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The effects of nutritional labels on obesity


  • Maria L. Loureiro,

    Corresponding author
    1. Departamento de Fundamentos da Análise Económica, Universidade de Santiago de Compostela, Santiago de Compostela, 15782, A Coruña, Spain
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  • Steven T. Yen,

    1. Department of Agricultural and Resource Economics, The University of Tennessee, Knoxville, TN 37996-4518, USA
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  • Rodolfo M. Nayga, Jr

    1. Department of Agricultural Economics and Agribusiness, University of Arkansas, Fayetteville, AR 72701, USA
    2. Norwegian Agricultural Economics Research Institute, Oslo, Norway
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Tel.: 34-881811674; fax: 34-981547134. E-mail address: (M. L. Loureiro)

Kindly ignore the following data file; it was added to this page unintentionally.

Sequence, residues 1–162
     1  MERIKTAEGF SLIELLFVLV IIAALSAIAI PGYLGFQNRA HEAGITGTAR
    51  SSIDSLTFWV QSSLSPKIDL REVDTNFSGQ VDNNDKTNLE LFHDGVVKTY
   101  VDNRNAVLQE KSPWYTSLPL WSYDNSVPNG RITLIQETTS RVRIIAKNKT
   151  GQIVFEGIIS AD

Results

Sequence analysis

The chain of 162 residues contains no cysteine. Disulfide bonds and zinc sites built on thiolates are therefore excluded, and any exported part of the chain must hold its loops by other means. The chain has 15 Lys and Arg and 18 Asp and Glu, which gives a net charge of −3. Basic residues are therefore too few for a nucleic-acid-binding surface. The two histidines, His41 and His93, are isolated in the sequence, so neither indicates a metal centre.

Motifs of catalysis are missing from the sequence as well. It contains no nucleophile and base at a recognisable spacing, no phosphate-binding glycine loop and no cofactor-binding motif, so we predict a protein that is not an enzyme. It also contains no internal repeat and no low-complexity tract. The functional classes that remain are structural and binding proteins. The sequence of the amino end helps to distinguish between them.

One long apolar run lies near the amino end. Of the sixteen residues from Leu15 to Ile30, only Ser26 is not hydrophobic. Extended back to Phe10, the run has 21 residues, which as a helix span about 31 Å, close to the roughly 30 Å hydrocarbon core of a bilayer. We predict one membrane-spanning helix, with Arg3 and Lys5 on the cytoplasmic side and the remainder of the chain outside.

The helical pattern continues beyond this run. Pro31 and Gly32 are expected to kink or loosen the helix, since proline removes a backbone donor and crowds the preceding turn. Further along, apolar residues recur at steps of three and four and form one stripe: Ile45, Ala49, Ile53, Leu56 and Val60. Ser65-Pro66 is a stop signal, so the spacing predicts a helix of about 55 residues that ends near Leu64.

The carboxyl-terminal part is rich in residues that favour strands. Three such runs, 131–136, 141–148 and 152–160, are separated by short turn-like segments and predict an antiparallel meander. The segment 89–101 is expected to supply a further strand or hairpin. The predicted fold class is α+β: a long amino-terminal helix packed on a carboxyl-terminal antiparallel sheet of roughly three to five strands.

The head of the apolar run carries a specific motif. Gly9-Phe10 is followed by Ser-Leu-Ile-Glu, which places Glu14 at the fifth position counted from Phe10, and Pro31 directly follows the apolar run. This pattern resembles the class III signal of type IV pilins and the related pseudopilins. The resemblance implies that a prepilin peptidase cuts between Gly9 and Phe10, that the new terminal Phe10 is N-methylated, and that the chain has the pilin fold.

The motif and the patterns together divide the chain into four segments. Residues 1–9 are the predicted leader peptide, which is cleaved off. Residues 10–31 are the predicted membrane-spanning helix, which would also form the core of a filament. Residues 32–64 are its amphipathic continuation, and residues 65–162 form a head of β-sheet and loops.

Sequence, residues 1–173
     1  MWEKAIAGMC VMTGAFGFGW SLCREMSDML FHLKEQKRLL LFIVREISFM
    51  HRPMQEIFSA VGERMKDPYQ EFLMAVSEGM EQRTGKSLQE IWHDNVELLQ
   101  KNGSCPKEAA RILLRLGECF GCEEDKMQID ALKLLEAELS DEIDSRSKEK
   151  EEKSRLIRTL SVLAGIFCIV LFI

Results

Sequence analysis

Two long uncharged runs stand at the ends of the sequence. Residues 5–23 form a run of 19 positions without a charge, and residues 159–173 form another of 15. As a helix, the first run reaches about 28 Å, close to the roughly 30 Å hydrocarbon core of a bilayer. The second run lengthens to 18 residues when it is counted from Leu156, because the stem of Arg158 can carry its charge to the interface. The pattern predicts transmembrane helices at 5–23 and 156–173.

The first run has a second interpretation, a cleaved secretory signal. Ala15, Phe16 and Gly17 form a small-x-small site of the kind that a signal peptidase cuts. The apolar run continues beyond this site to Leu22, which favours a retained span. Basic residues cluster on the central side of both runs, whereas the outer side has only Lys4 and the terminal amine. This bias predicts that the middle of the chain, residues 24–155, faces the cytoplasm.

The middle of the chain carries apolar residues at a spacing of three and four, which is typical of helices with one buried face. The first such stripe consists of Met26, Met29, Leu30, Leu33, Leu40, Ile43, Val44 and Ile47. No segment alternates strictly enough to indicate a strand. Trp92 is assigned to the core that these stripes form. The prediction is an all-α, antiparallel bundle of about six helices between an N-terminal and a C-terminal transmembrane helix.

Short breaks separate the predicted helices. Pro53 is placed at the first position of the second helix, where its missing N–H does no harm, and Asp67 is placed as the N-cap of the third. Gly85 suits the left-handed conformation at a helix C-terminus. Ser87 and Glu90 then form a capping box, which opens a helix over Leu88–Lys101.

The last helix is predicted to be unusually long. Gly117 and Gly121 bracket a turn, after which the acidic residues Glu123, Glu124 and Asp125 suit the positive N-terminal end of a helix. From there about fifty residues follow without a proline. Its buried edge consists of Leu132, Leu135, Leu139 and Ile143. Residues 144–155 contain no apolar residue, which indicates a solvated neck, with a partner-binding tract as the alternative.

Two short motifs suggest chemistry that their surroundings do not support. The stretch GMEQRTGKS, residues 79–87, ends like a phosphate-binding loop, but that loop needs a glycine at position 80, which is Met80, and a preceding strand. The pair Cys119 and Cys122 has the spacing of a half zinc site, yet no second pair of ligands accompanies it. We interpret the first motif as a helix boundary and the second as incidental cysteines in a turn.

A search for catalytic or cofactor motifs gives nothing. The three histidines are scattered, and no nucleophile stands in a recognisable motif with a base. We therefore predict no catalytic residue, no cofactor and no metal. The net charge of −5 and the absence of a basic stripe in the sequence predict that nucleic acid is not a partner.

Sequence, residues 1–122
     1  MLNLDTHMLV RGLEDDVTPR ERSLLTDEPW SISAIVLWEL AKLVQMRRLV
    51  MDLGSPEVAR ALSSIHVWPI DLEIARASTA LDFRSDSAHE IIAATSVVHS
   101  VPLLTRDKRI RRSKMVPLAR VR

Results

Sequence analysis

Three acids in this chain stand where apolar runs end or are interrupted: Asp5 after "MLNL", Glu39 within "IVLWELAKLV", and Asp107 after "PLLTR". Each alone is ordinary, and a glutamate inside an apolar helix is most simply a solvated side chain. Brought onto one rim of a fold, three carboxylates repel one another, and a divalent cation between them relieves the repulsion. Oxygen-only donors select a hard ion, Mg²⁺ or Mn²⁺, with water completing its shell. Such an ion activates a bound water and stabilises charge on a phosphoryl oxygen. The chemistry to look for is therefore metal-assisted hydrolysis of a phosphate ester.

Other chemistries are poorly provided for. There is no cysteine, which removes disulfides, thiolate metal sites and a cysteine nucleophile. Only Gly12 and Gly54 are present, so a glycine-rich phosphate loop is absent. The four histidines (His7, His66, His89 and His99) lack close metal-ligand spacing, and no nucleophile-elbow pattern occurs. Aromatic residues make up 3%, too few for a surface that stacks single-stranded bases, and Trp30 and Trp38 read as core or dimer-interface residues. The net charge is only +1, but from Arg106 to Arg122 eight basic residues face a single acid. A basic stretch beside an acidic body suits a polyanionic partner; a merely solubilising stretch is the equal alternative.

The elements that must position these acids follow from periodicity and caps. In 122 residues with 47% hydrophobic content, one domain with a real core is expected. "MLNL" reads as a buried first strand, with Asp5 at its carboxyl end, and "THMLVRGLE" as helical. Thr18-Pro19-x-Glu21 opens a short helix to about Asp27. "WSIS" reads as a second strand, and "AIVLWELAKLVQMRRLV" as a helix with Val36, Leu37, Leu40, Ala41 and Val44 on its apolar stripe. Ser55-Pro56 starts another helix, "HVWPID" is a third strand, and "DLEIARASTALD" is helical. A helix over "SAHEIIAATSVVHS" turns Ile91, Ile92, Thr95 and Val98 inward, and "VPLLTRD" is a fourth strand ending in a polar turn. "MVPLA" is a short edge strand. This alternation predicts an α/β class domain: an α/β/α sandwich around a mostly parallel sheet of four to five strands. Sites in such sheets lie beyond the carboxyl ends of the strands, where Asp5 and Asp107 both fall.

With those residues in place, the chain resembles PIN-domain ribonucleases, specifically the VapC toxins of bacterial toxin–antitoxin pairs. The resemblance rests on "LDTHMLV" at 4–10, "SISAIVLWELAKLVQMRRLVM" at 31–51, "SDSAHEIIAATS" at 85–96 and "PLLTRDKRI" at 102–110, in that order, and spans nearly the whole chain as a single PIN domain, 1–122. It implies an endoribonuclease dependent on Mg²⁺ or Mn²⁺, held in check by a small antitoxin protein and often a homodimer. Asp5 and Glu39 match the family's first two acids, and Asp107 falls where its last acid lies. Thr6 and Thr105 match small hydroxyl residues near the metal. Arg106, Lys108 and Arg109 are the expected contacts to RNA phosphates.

This study examines the relationship between nutritional label use and obesity using switching regression. Results for treatment effect show that nutritional labels play a role in reducing obesity among users of nutritional labels, notably among women. The average body mass index (BMI) for men who read nutritional labels is 0.12 point lower than men who do not read them, while women who are users of nutritional labels have 1.49 points lower BMI than women who do not read labels. These findings imply that health education campaigns can employ nutritional labels as one of the instruments for reducing obesity.